Analyzing a Method to Determine the Utility of Adding a Classification System to a Sequence for Improved Accuracy
Date of Award
Master of Science in Applied Mathematics
Department of Mathematics and Statistics
Christina M. Schubert Kabban, PhD
Frequently, ensembles of classification systems are combined into a sequence in order to better enhance the accuracy in classifying objects of interest. However, there is a point in which adding an additional system to a sequence no longer enhances the system as either the increase in operational costs exceeds the benefit of improvements in classification or the addition of the system does not increase accuracy at all. This research will examine a utility measure to determine the valid or invalid nature of adding a classification system to a sequence of such systems based on the ratio of the change in accuracy to the increase in operational costs. Three general classification sequence strategies defined on a two-class population outcome will be examined: Believe the Positive, Believe the Negative and Believe the Extreme. Through simulation, this research will identify which characteristics of the individual classification systems and the sequence have the greatest impact on the utility measure and provide guidance on the threshold value for the utility measure that differentiates between when the addition of a system to the sequence may be useful (valid) and when it is not (invalid). This work expands upon known accuracy and cost equations for each of the different sequential strategies in order to generalize them to any fixed number of classification systems in a sequence. From these accuracy and cost calculations, the utility measure can be computed for different scenarios and recommendations are made as to the characteristics that enhance the utility of adding additional systems to a sequence in order to improve classification accuracy.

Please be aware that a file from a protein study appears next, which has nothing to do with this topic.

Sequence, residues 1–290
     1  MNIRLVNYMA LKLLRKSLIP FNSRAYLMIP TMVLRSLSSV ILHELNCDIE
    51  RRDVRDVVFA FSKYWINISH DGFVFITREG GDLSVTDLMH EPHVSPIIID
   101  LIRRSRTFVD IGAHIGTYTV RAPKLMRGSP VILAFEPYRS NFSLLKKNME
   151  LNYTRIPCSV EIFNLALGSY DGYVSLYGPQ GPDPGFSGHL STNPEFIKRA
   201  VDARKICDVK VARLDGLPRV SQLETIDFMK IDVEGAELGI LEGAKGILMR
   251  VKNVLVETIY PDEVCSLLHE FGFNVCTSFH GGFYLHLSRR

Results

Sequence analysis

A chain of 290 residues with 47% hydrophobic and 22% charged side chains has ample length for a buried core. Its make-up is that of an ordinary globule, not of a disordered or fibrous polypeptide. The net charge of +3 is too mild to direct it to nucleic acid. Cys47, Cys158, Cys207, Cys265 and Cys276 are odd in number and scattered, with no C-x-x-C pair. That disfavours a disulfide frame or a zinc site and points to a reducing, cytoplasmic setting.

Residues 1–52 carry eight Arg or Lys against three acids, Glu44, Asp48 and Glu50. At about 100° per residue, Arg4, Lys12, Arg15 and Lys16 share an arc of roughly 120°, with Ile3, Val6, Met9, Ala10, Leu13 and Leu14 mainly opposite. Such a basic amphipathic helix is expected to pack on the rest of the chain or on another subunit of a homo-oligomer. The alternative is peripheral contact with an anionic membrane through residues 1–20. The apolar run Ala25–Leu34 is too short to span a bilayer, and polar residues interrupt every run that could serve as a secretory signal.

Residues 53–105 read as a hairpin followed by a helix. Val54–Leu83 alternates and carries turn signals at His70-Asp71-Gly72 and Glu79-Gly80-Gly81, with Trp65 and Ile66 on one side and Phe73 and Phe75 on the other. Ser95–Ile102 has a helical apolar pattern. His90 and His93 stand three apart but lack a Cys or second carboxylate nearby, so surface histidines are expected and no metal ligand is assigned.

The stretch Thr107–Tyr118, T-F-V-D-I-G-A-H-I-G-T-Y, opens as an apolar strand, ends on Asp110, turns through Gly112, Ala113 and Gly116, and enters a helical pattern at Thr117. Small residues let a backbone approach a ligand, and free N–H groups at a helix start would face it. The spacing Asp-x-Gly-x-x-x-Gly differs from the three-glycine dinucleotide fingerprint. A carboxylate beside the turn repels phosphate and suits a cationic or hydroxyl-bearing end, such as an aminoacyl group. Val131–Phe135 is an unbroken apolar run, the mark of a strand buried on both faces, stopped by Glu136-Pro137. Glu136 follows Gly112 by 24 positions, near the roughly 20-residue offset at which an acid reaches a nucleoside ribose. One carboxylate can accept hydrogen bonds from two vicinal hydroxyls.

DTIC Accession Number
Pamilagas, Kevin S., "Analyzing a Method to Determine the Utility of Adding a Classification System to a Sequence for Improved Accuracy" (2019). Theses and Dissertations. 2193.